By J. Aaron Simmons (Furman University, Department of Philosophy) – firstname.lastname@example.org
The following are thoughts inspired by the vigorous discussion that recently occurred on Roger E. Olson’s blog. Olson instigated the discussion by commenting that philosophy and theology are distinct disciplines due to the way in which “special revelation” is used by theology, but not by philosophy “AS philosophy” (pay special attention to the back and forth in the “comments” section of his post). Because I have written elsewhere about the relation between theology and philosophy, I will not repeat the details of those arguments here. Nonetheless, in what follows, I aim to do two things. First, I want to express my general sympathies with Olson’s way of differentiating between theology and philosophy (though I draw upon new phenomenology to make sense of such a distinction, which Olson does not). Second, I want to outline reasons that the contemporary project of “analytic theology,” which has gained significant attention (and traction) in recent years (see the new journal devoted to it), and is referenced indirectly by Olson, ought to keep a distinction between philosophy and theology in play, even if only to challenge the specifics of how that distinction gets articulated in the future.
In... Read More
A number of years ago when I was a department chair I asked a certain administrator at my institution why he had not followed the rules in granting certain privileges to a certain faculty member that seemed to go against the very rules he himself had laid down. The response was classic, and since the impact of his decision was entirely favorable, though not perhaps for those who had followed the rules diligently in the past. “There are rules,”... Read More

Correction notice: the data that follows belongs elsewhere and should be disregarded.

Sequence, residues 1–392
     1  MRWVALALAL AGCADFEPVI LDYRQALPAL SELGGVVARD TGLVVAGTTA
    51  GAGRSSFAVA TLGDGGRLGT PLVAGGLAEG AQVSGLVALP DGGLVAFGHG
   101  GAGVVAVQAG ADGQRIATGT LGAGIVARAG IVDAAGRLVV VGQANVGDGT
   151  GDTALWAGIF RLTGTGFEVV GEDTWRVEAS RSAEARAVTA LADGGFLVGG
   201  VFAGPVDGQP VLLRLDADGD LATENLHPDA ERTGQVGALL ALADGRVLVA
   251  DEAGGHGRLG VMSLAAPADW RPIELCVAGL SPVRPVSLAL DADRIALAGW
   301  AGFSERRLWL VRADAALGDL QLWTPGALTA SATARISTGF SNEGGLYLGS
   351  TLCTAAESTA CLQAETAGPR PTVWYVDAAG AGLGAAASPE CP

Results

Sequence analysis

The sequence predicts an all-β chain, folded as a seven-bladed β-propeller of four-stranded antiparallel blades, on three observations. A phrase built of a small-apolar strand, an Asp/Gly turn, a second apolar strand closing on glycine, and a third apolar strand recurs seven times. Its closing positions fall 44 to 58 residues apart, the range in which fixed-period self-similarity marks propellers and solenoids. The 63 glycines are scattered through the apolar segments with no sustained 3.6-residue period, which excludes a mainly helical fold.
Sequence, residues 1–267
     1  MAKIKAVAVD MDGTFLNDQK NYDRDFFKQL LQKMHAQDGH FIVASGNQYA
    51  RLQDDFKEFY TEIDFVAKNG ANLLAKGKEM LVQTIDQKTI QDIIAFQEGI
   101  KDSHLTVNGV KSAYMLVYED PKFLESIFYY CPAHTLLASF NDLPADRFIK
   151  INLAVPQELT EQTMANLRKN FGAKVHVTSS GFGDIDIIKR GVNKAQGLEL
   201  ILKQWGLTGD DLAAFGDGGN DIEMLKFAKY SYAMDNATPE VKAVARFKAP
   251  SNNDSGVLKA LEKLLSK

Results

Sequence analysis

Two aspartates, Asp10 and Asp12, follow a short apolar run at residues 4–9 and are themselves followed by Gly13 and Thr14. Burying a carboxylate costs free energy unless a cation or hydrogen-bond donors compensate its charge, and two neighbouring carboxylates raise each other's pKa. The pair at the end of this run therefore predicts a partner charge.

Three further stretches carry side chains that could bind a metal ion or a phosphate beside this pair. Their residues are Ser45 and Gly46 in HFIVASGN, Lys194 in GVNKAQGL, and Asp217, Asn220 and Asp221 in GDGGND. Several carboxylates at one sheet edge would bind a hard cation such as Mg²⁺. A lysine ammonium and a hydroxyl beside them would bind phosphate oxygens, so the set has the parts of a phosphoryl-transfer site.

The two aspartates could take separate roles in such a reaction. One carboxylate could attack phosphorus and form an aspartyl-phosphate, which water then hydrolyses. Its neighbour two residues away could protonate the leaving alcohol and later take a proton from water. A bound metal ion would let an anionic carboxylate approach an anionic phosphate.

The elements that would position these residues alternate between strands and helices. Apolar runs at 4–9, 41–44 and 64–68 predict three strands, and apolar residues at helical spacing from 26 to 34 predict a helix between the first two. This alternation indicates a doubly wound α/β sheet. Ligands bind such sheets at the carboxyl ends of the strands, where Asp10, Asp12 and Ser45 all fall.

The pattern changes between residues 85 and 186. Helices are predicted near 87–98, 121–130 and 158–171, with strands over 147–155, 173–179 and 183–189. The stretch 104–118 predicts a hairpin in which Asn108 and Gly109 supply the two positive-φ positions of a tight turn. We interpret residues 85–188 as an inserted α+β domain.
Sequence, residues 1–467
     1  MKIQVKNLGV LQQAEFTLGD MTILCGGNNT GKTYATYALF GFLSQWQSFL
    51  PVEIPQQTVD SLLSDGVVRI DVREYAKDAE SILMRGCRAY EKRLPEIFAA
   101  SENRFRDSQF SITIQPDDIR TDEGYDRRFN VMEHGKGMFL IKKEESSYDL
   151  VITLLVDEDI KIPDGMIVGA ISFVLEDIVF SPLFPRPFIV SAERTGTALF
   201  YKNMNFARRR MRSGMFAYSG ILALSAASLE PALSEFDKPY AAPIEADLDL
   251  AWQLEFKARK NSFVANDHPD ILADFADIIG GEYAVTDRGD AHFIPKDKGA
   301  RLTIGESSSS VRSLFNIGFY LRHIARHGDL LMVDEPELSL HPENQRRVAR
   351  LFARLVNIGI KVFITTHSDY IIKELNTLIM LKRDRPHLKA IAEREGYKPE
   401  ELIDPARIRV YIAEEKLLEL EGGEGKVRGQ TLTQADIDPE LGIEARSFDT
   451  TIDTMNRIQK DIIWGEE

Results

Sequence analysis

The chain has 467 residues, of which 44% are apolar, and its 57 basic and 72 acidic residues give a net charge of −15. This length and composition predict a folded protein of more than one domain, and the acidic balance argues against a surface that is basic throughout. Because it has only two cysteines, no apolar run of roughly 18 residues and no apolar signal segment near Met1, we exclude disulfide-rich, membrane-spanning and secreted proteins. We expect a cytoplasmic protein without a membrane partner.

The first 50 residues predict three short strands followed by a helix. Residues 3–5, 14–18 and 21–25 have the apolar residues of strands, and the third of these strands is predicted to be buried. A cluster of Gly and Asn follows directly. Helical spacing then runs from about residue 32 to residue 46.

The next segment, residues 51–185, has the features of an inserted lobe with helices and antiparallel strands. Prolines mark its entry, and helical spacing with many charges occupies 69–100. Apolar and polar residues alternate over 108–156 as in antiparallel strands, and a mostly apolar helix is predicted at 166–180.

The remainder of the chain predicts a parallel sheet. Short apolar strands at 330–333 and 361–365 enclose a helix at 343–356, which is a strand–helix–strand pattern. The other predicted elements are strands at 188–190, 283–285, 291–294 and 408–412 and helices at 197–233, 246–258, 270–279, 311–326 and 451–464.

We haven’t done a RESOURCE post in quite some time. And since things have been dormant here for a bit now, it seems a good time to point readers to some worthy material for further pondering and perusal. The work of Richard Kearney does not get as much attention as it deserves (at least I don’t think so). I find him particularly fascinating for his work on narrative and imagination, an area that stands at such an interdisciplinary crossroads... Read More
(This is a guest post by Mark Manolopoulos on the current Existentialist revival in certain quarters of postmodern theory as a radical theology.) WHY WE REVOLUTIONARY BELIEVERS LOVE EXISTENTIALISM Mark Manolopoulos Monash University First of all, allow me to explain the ‘we’ in the title by way of a kind of hope or prayer: when I say ‘we,’ I mean ‘I,’ but I hope this ‘I’ may also be/becomes a ‘we’ or an ‘us’ .... Read More
Prada, teaser for Candy, by Wes Anderson and Roman Coppola “Ethical, juridical, or political responsibility, if there is any, consists in deciding on the strategic orientation to give to this problematic…for which truth, no more than reality, is not an object given in advance that it would be a matter of simply reflecting adequately.” Jacques Derrida, Without Alibi, 2002 (61) Postmodernity has continued a clash of absolute... Read More